With reconstructed knee, Louisville goalie returns to the pitch with confidence and plans for college

After surgery to reconstruct his knee, Trey Murphy faced a long road of rehabilitation. He was determined to get back on the field and play again.

Soccer is a big part of Gregory “Trey” Murphy’s life. Trey is a goalie, and he plays on both a high school team and a travel team.

Soccer came to a sudden and painful halt for Trey in March 2019.

In warmups, Trey went to step one way but his leg got caught under him, and he badly injured his knee. Trey could barely walk off the field. He knew the injury might mean he’d never play soccer again.

“That definitely came across my mind. That wasn’t easy at all,” Trey said.

Setting a goal to get back to soccer and making it happen

Trey went to Norton Orthopedic Institute a few months later, where surgeons reconstructed his right anterior cruciate ligament (ACL) — a ligament toward the front of the knee. They also repaired his medial meniscus — cartilage on the inside of the knee that cushions and stabilizes the joint.

After surgery, Trey faced a long road of rehabilitation. He was determined to get back on the field and play again.

“I just wanted to get back as quick as I could. It was a bit frustrating at first,” Trey said.

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Trey went to KORT for rehabilitation, where he did physical therapy with Nick Weickel, PT, DPT, OCS; and Josh Bixler, PT, DPT, OCS.

Once he’d built up the mobility in his knee, Trey worked with Brock Martin, strength coach with Norton Sports Performance, training alongside high school, college and professional athletes.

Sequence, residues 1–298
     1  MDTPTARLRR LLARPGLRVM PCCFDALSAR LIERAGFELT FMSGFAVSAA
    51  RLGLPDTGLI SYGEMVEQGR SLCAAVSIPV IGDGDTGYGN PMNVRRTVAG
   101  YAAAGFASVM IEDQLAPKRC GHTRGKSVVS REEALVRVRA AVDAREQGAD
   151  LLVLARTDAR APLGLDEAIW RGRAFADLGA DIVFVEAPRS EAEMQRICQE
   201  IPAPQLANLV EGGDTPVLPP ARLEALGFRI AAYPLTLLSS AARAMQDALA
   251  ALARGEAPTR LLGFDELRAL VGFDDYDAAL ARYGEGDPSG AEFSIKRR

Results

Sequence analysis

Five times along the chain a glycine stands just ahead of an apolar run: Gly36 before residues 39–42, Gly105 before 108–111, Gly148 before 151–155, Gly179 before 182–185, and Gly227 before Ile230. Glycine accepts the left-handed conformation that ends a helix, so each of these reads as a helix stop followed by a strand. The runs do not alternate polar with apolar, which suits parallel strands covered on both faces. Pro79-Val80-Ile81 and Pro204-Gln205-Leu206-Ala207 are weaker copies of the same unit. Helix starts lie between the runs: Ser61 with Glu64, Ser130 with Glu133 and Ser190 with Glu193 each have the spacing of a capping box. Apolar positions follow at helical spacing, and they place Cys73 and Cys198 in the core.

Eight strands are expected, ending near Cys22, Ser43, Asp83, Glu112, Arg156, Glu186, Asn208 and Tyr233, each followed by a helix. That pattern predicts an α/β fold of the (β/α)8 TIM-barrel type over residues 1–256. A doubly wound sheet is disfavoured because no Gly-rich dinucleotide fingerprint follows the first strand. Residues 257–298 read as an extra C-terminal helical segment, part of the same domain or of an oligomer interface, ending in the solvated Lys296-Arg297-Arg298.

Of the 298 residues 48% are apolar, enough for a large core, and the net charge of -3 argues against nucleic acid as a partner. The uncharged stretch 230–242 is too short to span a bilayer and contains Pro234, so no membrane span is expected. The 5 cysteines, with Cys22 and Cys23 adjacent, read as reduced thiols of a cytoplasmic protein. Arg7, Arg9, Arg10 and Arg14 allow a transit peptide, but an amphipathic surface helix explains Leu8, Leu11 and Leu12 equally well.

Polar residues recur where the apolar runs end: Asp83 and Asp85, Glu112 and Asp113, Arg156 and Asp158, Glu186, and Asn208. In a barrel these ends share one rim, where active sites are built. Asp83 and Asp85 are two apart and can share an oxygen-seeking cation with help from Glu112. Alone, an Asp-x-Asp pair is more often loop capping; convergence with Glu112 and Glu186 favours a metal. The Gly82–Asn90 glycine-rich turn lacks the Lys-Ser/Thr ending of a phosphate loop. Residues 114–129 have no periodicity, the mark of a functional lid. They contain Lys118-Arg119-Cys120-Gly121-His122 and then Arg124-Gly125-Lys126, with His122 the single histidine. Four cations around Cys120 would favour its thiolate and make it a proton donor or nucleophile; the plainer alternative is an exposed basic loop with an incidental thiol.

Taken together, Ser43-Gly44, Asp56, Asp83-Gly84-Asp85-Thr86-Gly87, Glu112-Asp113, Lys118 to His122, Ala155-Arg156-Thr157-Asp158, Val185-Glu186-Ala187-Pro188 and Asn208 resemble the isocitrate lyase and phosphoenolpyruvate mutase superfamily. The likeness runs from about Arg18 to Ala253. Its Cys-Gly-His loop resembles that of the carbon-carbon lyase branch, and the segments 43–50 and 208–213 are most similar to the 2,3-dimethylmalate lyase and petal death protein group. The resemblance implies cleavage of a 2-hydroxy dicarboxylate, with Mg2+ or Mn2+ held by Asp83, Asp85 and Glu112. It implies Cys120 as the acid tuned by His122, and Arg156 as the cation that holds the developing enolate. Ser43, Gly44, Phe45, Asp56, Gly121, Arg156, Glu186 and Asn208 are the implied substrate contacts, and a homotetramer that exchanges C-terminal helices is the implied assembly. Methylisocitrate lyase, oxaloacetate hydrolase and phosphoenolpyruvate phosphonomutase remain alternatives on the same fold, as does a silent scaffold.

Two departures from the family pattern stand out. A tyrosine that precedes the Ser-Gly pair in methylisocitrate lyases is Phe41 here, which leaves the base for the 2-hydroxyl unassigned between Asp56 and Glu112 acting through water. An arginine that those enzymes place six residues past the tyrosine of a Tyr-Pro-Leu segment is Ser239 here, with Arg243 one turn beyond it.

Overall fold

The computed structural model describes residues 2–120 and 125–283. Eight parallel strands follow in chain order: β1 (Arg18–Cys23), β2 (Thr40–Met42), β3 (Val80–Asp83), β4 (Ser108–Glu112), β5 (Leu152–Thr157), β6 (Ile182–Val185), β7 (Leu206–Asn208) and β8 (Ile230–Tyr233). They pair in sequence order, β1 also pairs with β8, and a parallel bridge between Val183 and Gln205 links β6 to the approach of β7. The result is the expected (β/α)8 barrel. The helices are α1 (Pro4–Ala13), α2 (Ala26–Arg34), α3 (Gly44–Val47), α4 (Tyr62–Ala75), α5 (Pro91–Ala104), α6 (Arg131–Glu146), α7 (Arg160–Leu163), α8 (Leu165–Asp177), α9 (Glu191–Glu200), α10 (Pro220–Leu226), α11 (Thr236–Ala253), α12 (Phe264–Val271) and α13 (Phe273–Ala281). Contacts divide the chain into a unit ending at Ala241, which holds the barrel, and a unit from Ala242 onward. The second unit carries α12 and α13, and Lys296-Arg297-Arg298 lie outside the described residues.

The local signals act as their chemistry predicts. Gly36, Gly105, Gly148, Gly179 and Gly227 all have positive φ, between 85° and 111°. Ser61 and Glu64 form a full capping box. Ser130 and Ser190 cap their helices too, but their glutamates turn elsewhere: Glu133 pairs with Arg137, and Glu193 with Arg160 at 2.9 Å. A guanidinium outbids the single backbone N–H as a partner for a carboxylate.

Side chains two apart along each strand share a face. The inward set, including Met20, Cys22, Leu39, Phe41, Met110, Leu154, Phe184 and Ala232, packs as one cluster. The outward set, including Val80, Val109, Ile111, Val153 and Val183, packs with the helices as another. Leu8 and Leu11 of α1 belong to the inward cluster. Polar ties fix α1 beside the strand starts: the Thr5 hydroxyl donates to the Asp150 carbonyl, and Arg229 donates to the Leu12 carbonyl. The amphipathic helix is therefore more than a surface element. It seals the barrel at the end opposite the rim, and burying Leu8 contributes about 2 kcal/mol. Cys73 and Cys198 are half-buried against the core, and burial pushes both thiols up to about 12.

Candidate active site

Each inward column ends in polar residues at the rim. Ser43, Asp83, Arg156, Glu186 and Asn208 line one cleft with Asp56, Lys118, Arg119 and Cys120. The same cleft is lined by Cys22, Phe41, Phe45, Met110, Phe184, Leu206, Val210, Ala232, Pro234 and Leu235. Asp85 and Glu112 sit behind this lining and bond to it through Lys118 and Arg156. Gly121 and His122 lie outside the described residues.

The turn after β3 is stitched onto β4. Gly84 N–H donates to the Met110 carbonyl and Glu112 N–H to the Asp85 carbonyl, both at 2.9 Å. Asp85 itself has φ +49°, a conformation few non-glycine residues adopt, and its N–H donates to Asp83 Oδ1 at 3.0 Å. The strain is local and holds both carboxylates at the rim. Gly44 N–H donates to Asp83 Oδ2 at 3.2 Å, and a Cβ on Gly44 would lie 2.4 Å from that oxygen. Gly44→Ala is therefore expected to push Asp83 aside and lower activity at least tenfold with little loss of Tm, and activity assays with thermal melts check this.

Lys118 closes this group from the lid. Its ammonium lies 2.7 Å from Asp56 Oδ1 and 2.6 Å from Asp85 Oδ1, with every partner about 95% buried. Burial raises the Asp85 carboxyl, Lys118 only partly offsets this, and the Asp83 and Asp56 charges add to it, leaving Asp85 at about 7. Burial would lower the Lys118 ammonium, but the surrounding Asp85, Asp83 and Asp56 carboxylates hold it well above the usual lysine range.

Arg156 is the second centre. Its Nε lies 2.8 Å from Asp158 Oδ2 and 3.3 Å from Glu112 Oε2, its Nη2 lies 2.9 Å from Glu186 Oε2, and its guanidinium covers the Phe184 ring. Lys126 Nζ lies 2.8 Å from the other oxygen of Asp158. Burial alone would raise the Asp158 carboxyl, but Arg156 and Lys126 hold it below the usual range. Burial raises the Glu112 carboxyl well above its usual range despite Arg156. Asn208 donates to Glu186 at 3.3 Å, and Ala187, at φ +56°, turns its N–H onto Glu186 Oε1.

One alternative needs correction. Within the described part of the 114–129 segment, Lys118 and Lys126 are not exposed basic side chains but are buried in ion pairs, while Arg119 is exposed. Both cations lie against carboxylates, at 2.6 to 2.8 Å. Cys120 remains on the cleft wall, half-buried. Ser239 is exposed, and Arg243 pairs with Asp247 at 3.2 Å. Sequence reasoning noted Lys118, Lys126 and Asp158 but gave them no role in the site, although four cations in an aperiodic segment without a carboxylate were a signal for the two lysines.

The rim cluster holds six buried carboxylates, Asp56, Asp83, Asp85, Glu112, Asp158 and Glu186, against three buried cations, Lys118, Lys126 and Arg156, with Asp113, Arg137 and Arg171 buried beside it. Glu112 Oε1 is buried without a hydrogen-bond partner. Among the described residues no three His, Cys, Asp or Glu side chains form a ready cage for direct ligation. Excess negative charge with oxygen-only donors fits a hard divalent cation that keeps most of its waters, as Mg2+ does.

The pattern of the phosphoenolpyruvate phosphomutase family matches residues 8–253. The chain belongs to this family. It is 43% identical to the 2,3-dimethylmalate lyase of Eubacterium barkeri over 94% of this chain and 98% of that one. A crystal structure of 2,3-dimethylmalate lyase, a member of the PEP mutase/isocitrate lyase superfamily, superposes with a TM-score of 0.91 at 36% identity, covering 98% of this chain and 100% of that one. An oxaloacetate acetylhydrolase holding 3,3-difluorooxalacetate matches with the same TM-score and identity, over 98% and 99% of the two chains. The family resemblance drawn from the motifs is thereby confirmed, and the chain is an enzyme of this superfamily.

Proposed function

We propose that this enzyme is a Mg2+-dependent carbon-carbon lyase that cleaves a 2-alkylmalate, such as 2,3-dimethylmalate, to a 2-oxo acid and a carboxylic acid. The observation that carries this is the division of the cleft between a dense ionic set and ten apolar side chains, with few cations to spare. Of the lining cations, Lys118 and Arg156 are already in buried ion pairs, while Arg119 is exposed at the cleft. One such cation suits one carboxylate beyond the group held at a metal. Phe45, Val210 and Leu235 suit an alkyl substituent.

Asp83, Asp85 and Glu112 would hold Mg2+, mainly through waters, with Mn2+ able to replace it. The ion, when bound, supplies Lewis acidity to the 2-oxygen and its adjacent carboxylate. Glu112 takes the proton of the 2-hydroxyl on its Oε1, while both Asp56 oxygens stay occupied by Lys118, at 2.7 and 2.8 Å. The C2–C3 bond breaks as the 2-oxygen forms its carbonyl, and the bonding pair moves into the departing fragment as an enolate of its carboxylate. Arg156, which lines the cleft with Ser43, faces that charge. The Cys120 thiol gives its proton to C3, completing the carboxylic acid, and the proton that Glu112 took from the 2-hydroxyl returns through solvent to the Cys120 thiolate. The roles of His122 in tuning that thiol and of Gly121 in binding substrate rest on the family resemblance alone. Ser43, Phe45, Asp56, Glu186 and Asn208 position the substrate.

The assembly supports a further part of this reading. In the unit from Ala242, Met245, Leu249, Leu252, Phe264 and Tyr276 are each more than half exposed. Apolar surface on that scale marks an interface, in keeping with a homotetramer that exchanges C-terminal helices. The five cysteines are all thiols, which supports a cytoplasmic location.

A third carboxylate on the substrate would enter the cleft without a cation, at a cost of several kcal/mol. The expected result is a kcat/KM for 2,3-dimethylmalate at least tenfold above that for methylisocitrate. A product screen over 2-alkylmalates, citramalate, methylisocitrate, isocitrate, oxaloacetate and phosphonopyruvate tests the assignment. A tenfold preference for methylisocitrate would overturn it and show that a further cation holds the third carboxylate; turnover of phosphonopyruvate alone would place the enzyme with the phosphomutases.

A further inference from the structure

“I kind of treated it like a workout every day, honestly. What can you accomplish in that hour?” Trey said. “It was always: How can I get back on the field?”

Trey worked hard, but he wasn’t cleared to return to the field as quickly as he’d hoped. According to Angela Murphy, Trey’s mother, the delay was hard on her son, but she was glad Trey wasn’t rushed back too early. Once Trey was cleared to return to the field, she was certain he was ready.

“It was a process. It was always: ‘What’s your goal? We’re going to make it happen,’” she said.

“Working with our partners at KORT for physical therapy and our recent addition of Norton Sports Performance, Norton Orthopedic Institute provides a continuum of care,” said Ryan J. Krupp, M.D., orthopedic surgeon with Norton Orthopedic Institute and executive medical director, orthopedics, at Norton Sports Health. “Patients work with physicians, therapists and trainers who know their condition, their injury and their goals.”

Back on the field with confidence

All Trey’s hard work has paid off. He’s playing soccer again this fall for Kentucky Country Day, where he is a senior and captain of the team.

“My knee is great. I’ve been doing everything: goal kicks, punts,” said Trey, who has been playing soccer since he was 3.

At his first game back, Angela captured a photo of Trey doing his pregame jump ritual.

“This picture symbolizes more than I can express,” Angela said. “After 533 days from the date of his injury, it’s hard to believe. As his mom I want to cry and thank every single person involved that was a part of his journey.”

Trey would like to keep playing soccer in college. Trey has always played goalie. As goalie, he positions the players in front of him and, of course, serves as the last line of defense. Chief among the attributes necessary to be a good goalie is confidence, according to Trey.

After surgery and dedicated physical therapy, Trey has his confidence back — along with the strength and mobility in his knee. In goal for the first game of the season, Trey said it felt like being home.

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